INDIANAPOLIS — We won’t know a hard number to represent the true economic impact of March Madness in Indiana for a little while as experts like Chris Gahl with Visit Indy crunch the numbers.
But, Gahl tells Inside Indiana Business that have a glimpse that shows that impact will be pretty immense thanks to a national TV audience looking at Indianapolis and the rest of Indiana for a little of two straight weeks. He said the economic impact of the tournament will likely stretch well into April and May.
“Indianapolis repeated countless times on-air and written, and that’s a big brand boost heading into spring travel as consumers think about traveling again,” Gahl said. “So we’ve really enjoyed, as with all major sporting events, a boost to Indy’s brand.”
Gahl said hotels were nearly at full capacity at one point during the tournament.
“The first two weekends of March tie directly to basketball,” he said. “We were the number one in the nation in terms of downtown hotel occupancy hovering at 85-percent (first weekend) and 95-percent (second weekend) respectively.”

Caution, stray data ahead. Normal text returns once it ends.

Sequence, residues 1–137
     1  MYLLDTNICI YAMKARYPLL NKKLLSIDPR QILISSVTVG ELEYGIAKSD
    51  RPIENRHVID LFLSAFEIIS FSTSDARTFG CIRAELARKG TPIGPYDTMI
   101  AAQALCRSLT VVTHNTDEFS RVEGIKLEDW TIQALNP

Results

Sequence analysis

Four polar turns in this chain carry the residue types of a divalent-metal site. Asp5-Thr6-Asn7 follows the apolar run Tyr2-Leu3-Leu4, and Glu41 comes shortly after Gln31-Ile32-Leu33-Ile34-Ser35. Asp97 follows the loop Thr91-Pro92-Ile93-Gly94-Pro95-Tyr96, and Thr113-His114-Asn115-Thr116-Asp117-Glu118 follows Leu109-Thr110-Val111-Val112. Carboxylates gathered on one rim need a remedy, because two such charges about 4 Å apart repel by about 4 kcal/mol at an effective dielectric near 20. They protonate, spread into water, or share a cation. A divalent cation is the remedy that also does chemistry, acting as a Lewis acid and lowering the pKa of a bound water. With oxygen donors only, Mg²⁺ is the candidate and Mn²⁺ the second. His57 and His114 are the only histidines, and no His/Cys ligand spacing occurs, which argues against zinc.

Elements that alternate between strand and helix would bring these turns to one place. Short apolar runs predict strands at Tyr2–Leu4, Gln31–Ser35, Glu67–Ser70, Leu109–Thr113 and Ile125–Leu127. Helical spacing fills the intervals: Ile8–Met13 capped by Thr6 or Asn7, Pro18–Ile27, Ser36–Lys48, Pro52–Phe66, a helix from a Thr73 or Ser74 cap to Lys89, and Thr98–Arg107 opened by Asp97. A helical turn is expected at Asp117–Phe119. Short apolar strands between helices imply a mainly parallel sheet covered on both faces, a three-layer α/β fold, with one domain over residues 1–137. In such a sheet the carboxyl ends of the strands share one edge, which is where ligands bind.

Gahl said Indy at one point had a higher hotel occupancy rate than New York City. As teams were eliminated and teams left Indianapolis, Gahl says that number dropped. Still, he said that number alone shows that there were thousands of people in Indy for March Madness, players, coaches, staff, and fans alike, generating revenue at local businesses.
Gahl expects the good times to keep rolling as the NFL has announced that even though the on-field activity for the NFL Scouting Combine won’t be happening in Indy this year, the medical portion of the Combine will be in Indianapolis.
That means every player that has entered the NFL Draft will be in Indianapolis from Thursday to Saturday this week to go through medical exams with NFL team doctors, which Gahl said is another opportunity for Indy to capitalize even more economic impact from sports.